Norway's Peace Engagement

Led by Inger Skjelsbæk

Jan 2015 – Dec 2018

​Norway has a vested interest in the theme of gender equality.

Norway has a vested interest in the theme of gender equality. It is part of the national identity and it is an important element in Norwegian foreign policy along with Norway's peace engagement. According to Former Prime Minister Gro Harlem Brundtland, gender equality has served Norwegians well not just in political, but also in financial terms. Gender equality has been good for Norway's development.

The Nordic feminist movements grew out of a strong social and political engagement from below combined with equal rights laws as well as quota systems implemented from above. This dual pressure, or interaction, between the government and civil society level proved to be very effective and has been labelled state feminism, a term coined by Helga Hernes (1987).

State feminism is a political model; it is a strategy for gender equality work combining pressure from below from civil society and women's movements and seeking to integrate these concerns in the state structure above. Yet, coming from a country which has achieved its gender equality in a (largely) mono-religious and homogenous culture might taint the ways in which Norwegians are seen as norm providers in peace mediation settings.

In order to explore this, this study will conduct a document analysis and interviews.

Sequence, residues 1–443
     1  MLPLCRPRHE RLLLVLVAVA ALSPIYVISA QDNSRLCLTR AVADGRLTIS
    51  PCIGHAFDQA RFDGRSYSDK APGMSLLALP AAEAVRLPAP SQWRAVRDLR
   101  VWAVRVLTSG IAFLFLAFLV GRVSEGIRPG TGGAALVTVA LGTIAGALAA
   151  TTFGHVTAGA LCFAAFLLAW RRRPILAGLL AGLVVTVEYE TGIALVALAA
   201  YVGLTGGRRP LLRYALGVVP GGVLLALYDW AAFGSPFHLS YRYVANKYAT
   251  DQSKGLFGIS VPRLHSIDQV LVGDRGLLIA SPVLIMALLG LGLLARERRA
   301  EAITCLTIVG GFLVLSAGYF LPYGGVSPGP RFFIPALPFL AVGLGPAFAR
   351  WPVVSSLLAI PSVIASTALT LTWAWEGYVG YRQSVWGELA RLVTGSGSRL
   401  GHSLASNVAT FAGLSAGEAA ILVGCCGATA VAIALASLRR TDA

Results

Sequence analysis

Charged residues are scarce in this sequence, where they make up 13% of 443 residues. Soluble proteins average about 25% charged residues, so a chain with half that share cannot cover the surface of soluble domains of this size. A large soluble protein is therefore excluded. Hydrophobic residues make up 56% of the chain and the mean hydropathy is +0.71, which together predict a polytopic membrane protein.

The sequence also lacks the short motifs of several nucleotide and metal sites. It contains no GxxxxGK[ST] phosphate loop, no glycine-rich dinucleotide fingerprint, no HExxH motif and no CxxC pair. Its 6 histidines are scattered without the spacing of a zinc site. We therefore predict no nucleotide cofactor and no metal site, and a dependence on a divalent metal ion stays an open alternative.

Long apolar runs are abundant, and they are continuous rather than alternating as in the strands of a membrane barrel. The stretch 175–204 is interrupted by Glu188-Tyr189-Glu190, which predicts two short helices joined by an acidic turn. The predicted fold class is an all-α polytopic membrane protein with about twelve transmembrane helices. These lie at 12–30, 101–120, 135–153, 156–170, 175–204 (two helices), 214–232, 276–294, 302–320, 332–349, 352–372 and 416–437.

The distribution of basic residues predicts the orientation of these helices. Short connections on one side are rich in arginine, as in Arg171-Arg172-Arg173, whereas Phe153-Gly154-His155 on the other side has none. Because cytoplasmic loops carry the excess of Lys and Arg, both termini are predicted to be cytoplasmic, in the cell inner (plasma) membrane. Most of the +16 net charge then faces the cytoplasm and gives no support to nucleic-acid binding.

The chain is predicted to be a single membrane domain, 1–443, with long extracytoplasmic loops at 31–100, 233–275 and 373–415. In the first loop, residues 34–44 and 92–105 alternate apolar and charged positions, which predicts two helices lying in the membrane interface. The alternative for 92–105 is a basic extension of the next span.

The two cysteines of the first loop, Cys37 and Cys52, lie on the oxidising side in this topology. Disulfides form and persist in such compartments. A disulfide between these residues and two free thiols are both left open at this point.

The document analysis will investigate how Norway’s role as a norm changer in the realm of gender equality and women’s empowerment is conceptualized in speeches and political statements given in the United Nations since 2000. The questions guiding this analysis are: How has Norway framed its arguments and which strategies for implementation are suggested? To what extent can arguments and strategies be seen as state feminist thinking, and how do religious and cultural characteristics intersect?

The interviews with central Norwegian peace mediators, focusing on how gender equality concerns and women’s empowerment were part (or not) of their mediation efforts, how these were perceived and to what extent the Norwegian identity of the peace mediator hindered or facilitated in this context.

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